September 9, 1891
The Shelby county commissioners met this afternoon to open bids for roofing the court house and paving the walk around the square. One bid for the former and 10 for the latter were received. The board took no action, and adjourned until Wednesday.
September 9, 1916
An answer and cross petition was filed today by the C.H. & D. railroad company in which it maintains that the proposed improvement of West Court street, extending that street under the tracks of the railroad is not necessary to accommodate the public. The company also denies the estimate of the cost of the project, claiming that the cost of putting in the subway and arch would be $144,900.
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Miss Florence Wyman, daughter of Mr. and Mrs. W.R. Wyman, of North Ohio avenue, has been selected for the position of assistant principal at St. Paris High School.
September 9, 1941
Traffic conditions in the city occupied the major attention of council members when they held their regular meeting last evening. One suggestion offered was the elimination of all turns at the four corners of the public square, especially on Saturdays. A special committee was named to prepare a new traffic ordinance for the city. In addition to council’s law committee and police department, Safety Director Raterman, City Solicitor Beery, Joseph B. Cook and Charles Seving were named to this committee.
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Several Anna village officials and representative citizens were in Cincinnati yesterday to discuss with the WPA officials the matter of a waterworks and sewage system for that village. The proposal was approved by the voters of Anna in 1938.
September 9, 1966
PIQUA – Daniel R. Porter, director of the Ohio State Historical society, announced that restoration of the Col. John Johnston farm will get under way this winter. An engineering firm from Columbus is directing the stabilization of the foundation of the home and work on the interior is expected to begin this winter.
Projects other than restoration primarily are involved with development of visitor facilities. A picnic area is planned near the farmhouse and quarters for a caretaker will be built.
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COLUMBUS – The state will build a $25 million Transportation Research Center, the world’s largest, in Logan and Union counties, halfway between Marysville and Bellefontaine, Gov. James A. Rhodes announced today.
He said the center, to be operated by Ohio State University, will occupy a 5,000-acre site along U.S. 33, about 45 miles from downtown Columbus. He said the center will serve as an inducement for more automobile manufacturers to locate plants in Ohio. This state is now second, behind Michigan, in auto manufacturing.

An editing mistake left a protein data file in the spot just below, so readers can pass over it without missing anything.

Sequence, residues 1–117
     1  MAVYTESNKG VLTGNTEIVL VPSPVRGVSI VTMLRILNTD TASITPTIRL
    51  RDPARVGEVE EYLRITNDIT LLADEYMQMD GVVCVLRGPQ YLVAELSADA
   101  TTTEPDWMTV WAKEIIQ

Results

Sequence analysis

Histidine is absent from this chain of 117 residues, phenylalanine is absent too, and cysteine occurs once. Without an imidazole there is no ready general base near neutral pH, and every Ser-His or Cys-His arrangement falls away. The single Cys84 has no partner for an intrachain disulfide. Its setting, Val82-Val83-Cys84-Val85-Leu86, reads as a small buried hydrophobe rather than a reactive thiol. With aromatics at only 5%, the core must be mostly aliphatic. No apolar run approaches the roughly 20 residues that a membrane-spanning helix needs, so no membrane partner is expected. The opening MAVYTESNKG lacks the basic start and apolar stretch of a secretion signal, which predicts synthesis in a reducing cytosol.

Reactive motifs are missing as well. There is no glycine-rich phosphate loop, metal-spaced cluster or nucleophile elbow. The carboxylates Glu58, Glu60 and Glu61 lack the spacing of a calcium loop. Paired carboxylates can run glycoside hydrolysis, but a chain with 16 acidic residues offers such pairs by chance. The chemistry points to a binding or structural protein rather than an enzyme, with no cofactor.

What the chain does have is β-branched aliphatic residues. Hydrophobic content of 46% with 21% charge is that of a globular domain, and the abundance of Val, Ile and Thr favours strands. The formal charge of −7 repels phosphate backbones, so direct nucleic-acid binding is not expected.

September 9, 1991
Sixteen Sidney High School juniors and seniors are participating this fall in a program that lets them take college courses while still in high school.
The program, known as post-secondary enrollment options, was mandated by Senate Bill 140, the Education Reform Act. According to the law, any junior or senior in any high school in Ohio may attend college on a part-time or full-time basis.
Timothy Bickel, director of curriculum for Sidney City Schools, said 15 Sidney High seniors and one junior all plan to attend Edison State Community College in Piqua this fall.
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Sidney’s newest physician is defying trends among his peers. He’s involved in family practice and likes to practice in smaller communities.
At a time when more and more physicians are specializing in medical care, and more and more congregating in larger cities, Dr. Mark Teets is happy with family practice in a small community. His reason, however, isn’t unique – he wants to provide quality care.
“In family practice we can take care of 90 percent of problems before a specialist is required,” he said.
These news items from past issues of the Sidney Daily News are compiled by the Shelby County Historical Society (937-498-1653) as a public service to the community. Local history on the Internet! www.shelbycountyhistory.org